The spot opens to a shot of an office clock as the voiceover says, “Around 3pm when your blood sugar and energy are low,” here we see an office worker falling asleep, “some say that Robert Goulet appears – and messes with your stuff,” here we see Robert Goulet sliding down a rope and messing with the stuff of the sleeping office drone. He then moves about the office, tap-dancing on a sleeping woman’s desk and taping another man into his Steelcase chair and wheeling him down the corridor. “But the natural energy in just one handful of Emerald Nuts,” the narrator continues as we see an alert young man standing in a break room, tossing a nut into his mouth, “is enough to keep Robert Goulet away. Until tomorrow anyway.” Suddenly, Goulet is spider walking back away from the office, clinging to the ceiling on all fours. The spot closes with a package shot of Emerald Nuts. The viral video (see link above for YouTube posting) is a moc-documentary version featuring interviews of the affected workers.
Emerald Nuts first broke out with a Super Bowl spot two years ago, expectations were high for their return in 2006. The spot that actually broke was bizarre, to say the least, featuring the tagline “Eagle-eyed Machete Enthusiasts Recognize A Little Druid Networking Under The Stairs” which spells out Emerald Nuts. (see our review here) We can safely say that the new Emerald Nuts Super Bowl spot is not the disaster that spot was. In fact, this spot is entertaining, cohesive and actually attempts to create a selling proposition for the product. The ‘Robert Goulet – office vandal’ angle is fresh and startling and it does grab the attention. It is also funny and well-executed. There is an attempt to brand Emerald Nuts with a verbal mention midway through the spot and the closing shot of the Emerald packaging.
This advertising blog is a fan of Bob Garfield (particularly his 2004 article ‘The Chaos Scenario’ which has been proven true by subsequent events), but his choice of this spot for four stars as the top pick of the Super Bowl illustrates a repeated problem we have with agency-side critiques of advertising. The question we should all be asking is whether this spot will build the Emerald Nuts brand and whether it will sell more nuts. Garfield suggests that giving office workers energy at 3pm is a brilliant new USP (unique selling proposition). We might agree if we had not been exposed to twenty years of Snickers advertising which has been focused on ‘pick-me up energy’ in office and other situations. So although we agree that the execution of this spot is inspired genius (and Robert Goulet’s dead-pan vandal is hysterically funny), we think the brand positioning is imitative and not ownable.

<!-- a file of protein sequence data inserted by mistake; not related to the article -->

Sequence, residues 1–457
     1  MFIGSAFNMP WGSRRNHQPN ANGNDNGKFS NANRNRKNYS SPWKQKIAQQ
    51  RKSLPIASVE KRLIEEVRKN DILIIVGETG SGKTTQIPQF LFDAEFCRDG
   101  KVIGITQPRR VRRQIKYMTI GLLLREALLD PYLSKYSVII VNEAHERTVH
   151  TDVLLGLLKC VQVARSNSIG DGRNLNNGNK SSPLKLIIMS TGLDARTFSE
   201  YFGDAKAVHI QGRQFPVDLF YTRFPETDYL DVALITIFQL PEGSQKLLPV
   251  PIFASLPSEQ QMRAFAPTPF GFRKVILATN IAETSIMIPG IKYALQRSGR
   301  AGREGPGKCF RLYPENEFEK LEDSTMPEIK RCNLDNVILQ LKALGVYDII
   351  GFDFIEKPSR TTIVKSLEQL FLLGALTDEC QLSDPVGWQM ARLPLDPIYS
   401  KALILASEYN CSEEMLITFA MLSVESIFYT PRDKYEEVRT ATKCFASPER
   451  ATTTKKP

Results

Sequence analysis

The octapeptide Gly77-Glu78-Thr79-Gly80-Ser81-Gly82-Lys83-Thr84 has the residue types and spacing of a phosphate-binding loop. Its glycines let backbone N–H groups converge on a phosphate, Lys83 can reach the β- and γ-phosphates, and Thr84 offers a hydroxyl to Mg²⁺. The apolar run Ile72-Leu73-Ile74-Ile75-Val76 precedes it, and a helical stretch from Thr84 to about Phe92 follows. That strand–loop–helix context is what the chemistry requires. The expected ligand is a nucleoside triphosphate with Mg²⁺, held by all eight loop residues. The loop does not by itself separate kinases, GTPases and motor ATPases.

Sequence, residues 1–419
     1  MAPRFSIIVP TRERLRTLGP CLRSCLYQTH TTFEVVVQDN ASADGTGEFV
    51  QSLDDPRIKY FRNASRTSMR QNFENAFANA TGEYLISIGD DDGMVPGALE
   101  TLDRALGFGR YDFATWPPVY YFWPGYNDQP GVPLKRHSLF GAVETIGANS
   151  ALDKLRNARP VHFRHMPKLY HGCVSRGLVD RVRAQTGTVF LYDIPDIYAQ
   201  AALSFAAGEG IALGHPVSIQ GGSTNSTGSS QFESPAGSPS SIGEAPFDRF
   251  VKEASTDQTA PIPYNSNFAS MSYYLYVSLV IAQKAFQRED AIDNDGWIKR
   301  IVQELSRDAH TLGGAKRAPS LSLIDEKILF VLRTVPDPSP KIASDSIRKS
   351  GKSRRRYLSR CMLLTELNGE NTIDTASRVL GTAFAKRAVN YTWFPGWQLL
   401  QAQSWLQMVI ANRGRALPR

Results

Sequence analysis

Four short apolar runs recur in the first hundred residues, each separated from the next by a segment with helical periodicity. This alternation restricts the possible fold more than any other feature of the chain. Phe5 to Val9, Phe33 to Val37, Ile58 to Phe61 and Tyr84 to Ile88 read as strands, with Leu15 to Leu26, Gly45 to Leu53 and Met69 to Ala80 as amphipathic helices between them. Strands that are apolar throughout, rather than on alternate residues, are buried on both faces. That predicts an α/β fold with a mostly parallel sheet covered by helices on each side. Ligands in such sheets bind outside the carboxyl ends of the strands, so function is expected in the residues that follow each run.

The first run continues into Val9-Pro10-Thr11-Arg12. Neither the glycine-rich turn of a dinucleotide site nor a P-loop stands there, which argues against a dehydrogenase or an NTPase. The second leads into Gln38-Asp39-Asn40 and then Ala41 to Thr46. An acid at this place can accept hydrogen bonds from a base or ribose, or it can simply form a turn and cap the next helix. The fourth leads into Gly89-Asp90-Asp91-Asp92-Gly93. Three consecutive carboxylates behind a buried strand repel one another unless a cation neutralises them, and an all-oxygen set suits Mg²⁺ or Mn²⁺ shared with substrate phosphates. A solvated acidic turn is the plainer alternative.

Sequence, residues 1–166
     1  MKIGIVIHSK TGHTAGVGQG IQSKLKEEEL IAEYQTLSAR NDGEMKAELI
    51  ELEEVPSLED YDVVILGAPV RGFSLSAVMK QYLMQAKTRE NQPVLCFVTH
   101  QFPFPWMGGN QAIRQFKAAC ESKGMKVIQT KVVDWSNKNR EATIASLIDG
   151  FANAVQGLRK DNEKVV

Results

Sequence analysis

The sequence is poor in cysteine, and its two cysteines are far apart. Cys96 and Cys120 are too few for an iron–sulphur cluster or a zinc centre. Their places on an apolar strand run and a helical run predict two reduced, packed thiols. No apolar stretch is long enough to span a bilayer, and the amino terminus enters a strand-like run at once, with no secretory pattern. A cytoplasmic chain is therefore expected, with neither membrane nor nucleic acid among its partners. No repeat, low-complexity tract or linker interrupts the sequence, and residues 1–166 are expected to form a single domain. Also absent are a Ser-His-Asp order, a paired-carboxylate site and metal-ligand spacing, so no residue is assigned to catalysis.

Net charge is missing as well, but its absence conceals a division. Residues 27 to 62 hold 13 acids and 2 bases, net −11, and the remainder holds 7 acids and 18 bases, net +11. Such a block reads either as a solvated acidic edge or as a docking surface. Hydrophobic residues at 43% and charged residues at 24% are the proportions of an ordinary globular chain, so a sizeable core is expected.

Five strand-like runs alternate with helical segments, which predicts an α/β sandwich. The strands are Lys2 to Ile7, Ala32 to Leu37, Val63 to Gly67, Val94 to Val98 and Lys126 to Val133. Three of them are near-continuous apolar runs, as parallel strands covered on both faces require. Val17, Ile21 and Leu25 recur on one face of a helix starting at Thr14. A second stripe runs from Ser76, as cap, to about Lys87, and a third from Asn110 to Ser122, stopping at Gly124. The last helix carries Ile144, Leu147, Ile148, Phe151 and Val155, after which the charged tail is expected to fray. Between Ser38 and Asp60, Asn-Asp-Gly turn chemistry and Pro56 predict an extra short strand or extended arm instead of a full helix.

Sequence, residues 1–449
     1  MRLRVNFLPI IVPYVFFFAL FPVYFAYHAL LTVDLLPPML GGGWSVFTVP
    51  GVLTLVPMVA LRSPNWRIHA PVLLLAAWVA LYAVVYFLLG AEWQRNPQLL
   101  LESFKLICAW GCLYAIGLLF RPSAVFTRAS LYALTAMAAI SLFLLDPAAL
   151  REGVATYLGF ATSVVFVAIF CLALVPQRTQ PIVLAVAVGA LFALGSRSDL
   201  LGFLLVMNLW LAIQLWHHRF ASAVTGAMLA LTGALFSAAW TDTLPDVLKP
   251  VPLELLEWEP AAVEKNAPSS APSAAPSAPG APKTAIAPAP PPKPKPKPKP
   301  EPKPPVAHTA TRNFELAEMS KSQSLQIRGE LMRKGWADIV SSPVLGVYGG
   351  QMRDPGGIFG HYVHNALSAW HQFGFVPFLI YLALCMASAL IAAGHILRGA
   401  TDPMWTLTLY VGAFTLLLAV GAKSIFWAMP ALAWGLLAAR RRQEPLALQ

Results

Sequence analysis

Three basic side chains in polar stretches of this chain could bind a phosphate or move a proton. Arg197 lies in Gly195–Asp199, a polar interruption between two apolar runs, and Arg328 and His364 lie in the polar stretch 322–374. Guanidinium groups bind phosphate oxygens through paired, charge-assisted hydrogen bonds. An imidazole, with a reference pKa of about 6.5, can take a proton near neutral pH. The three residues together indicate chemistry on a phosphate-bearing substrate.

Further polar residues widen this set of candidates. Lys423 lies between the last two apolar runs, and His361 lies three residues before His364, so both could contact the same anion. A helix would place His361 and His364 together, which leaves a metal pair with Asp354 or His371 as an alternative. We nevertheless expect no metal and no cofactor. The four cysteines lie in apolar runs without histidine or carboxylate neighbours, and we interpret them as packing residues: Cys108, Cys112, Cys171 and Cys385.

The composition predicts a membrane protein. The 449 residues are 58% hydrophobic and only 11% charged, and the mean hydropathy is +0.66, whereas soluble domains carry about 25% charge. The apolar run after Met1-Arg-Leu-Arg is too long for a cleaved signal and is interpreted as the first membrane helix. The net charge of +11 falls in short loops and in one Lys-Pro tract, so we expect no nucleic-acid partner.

The second issue with this spot is that for the general, less ad-obsessed public, Robert Goulet may end up being far more memorable than Emerald Nuts as the brand associated with this commercial. Yes, that’s right, we did just say that Robert Goulet overwhelmed another brand in a commercial.
Emerald is still struggling to find out what is unique about the brand – or at least unique about nuts in general. Attempting to own an occasion makes more sense that a features-and-benefits pitch, but unfortunately Emerald chose a value proposition that Snickers already owns. Still, this is a much improved effort over the 2006 disaster.
Branding Bottom Line:
Emerald takes a big step forward but fails to deliver the nuts.